Having outlined the primary tasks, I started to decide upon the components to be utilized and the manner in which the local state is supposed to be persisted throughout the application. Not using Redux in such a case was a clear no-brainer as it immensely helped to maintain the general state of the application and came super handy especially when it came to persisting data, using the local storage of the browser.

Note: The players’ and clubs’ data had been extracted earlier using Node.js and a few web scraping libraries along with certain reference data, which was obtained from Kaggle. All this data was clubbed together in the form of a couple of JSON files and was used as the primary data source for this application.

Let’s take a look at the main pages, components, and their respective functionalities.

Team Selection

Team Selection Page

As discussed earlier, the team selection page has three main functionalities that needed to be coded out. These were basically:

  • Search through the clubs’ data
  • Select/deselect the clubs available
  • Map the selected/deselected clubs

Reducers and actions coupled with React events were mainly utilized for this particular page. This page denotes the landing page to the application (if you have not happened to use this application of late).

Bidding Home

Bidding Page

The trophy page of the application is the place where all the action happens. This page is supposed to be the center-place where the bidding will be conducted, keeping in mind the three tasks that this page is designed to accomplish. Namely:

  • Price setting and select a bidding club for the current player on bid
  • Monitor the budgets and squads of the participating clubs
  • Sell/pass off the player on bid
  • A glance at the next 5 players in line for the auction

This component has a lot of state changes occurring in a single event and has to be handled simultaneously.


Squads Page

All the formed squads are visible at any given time to be viewed. This component is a simple view-based component to enable a user to monitor the players one has purchased during any given time of the bid. It enlists the players along with their essential statistics.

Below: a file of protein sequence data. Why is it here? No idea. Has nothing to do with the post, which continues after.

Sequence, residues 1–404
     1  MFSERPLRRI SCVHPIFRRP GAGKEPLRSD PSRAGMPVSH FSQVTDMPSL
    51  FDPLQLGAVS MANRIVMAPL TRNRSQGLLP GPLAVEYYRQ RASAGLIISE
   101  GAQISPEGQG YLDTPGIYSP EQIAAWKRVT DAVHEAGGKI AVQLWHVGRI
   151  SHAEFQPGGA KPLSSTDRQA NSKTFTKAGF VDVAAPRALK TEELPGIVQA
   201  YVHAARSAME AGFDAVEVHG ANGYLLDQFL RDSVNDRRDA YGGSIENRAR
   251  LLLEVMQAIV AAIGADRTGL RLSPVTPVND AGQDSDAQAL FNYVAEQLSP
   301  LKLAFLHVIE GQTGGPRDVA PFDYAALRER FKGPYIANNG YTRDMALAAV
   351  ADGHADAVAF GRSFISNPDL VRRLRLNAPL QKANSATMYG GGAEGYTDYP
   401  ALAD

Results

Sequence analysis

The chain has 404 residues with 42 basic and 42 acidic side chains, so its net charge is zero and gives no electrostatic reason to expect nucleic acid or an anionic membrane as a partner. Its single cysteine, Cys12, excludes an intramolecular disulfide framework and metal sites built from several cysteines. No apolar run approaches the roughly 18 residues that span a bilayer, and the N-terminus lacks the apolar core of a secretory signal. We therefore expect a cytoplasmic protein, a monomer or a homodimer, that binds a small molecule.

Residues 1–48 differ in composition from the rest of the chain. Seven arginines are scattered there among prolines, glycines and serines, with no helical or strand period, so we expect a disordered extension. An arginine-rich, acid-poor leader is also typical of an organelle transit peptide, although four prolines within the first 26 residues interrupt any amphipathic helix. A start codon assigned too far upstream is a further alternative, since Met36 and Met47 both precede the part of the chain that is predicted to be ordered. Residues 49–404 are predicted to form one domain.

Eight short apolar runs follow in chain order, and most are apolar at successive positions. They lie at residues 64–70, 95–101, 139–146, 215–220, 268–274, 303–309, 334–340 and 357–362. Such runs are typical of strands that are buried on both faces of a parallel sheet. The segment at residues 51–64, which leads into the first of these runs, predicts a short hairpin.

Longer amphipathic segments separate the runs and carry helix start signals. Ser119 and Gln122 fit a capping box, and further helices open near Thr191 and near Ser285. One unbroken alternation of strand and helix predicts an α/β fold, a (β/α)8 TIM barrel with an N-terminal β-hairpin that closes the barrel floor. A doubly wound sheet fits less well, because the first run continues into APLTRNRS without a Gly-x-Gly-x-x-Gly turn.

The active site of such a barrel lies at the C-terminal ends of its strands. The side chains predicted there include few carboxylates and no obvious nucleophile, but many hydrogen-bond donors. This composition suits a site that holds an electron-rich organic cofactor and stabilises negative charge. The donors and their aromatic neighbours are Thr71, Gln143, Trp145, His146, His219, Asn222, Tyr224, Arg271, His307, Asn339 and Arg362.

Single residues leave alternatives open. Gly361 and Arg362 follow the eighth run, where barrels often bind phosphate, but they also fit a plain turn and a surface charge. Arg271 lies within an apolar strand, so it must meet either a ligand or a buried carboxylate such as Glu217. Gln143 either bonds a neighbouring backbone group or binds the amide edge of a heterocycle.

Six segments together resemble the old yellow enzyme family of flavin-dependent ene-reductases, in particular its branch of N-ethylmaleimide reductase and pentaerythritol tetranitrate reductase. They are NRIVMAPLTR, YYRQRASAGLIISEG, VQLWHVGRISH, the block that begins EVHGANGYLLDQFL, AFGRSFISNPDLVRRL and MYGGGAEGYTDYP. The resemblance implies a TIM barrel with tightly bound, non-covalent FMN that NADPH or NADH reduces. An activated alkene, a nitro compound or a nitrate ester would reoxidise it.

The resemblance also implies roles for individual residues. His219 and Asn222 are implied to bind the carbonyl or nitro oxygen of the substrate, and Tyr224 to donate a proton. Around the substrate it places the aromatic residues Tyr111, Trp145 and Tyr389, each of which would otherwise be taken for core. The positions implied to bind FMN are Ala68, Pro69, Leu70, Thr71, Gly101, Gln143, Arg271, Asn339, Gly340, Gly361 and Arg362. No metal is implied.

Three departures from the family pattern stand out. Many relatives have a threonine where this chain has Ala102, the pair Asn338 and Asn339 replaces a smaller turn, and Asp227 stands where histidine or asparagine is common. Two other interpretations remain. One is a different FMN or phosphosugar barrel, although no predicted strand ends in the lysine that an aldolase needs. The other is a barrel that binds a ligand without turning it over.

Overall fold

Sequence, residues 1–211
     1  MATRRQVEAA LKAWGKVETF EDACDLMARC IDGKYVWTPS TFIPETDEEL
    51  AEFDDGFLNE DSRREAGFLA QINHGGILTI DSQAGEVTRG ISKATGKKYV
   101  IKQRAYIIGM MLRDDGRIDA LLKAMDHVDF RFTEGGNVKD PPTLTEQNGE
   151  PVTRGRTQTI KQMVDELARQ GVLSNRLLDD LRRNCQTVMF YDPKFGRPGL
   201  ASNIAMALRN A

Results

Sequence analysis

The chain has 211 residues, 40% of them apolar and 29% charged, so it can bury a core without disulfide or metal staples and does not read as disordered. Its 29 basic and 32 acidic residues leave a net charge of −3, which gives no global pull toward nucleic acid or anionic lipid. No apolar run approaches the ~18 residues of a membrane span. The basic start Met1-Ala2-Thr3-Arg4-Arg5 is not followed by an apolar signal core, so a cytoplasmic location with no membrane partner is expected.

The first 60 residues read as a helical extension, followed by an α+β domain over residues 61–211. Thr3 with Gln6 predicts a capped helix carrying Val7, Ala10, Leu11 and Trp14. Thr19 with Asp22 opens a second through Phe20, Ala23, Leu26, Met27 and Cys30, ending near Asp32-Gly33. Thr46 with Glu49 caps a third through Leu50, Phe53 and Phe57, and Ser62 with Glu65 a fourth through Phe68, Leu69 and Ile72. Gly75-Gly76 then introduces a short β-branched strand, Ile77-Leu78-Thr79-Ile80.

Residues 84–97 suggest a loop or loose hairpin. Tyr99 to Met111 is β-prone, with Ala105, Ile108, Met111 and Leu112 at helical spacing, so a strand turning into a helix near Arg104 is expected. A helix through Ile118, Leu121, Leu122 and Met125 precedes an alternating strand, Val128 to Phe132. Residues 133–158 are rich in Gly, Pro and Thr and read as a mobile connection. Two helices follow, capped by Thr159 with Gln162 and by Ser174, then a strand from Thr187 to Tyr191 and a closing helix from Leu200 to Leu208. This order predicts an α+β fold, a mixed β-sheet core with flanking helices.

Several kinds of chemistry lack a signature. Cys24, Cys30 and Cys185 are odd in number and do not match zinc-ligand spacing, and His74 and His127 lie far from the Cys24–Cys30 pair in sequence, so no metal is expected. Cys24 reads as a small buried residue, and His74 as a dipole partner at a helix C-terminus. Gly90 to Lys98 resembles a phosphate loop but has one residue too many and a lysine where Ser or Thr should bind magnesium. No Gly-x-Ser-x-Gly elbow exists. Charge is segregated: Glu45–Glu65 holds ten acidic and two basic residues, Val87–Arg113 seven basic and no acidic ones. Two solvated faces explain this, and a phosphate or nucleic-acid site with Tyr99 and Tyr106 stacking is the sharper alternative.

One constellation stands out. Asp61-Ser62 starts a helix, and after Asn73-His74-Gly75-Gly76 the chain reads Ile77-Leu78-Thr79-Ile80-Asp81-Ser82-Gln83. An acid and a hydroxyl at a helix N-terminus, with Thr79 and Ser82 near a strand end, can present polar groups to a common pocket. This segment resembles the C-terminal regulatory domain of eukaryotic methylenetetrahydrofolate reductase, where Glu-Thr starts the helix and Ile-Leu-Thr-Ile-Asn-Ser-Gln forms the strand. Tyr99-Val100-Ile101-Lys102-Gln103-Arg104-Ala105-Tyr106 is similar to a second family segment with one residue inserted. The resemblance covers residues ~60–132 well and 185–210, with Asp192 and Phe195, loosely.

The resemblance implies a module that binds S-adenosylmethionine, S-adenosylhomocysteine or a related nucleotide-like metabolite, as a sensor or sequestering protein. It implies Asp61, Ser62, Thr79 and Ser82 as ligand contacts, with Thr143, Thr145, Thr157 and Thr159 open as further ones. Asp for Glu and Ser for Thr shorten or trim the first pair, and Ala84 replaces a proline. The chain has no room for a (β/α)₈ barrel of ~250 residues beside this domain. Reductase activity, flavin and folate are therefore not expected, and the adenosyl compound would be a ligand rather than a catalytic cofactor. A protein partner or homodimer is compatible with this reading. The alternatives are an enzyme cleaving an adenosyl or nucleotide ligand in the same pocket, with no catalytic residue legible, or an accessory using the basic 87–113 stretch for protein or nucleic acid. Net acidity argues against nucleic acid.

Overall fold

This component mainly requires mapping functions to be called upon regularly.

Players’ List

Players’ List Page

Another straight forward view-based component. However, this was relatively much more challenging to get right as compared to the previous one. The biggest challenge in this particular component was that we had to not only render but also be able to filter across 18,000+ data points at any given time.

The initial page load was taking around 9 seconds and it was a massive overheard being incurred as far as the application’s performance was concerned. That was a matter which had to be addressed once this component was in place.

Skimming across the structure helped in providing me with much more clarity concerning the look and feel and the way in which the application was supposed to function.

In a simple user journey map as discussed throughout this section. Anyone can go to the application — taking up the auctioneer role — and select the clubs he wants to feature in the auction. Having done that he can accept a bid for a player and sell it to a participating club. Or simply pass off the player in the case of no-bid having come forth. The application helps ensure that the auctioneer need not worry about the calculative costs and data maintenance. Thereby, enabling the auction to go smoothly and without any hiccups of the sort.

However, let me point it out. The application was far from optimized by the time a single flow was complete. Let us have a look at that.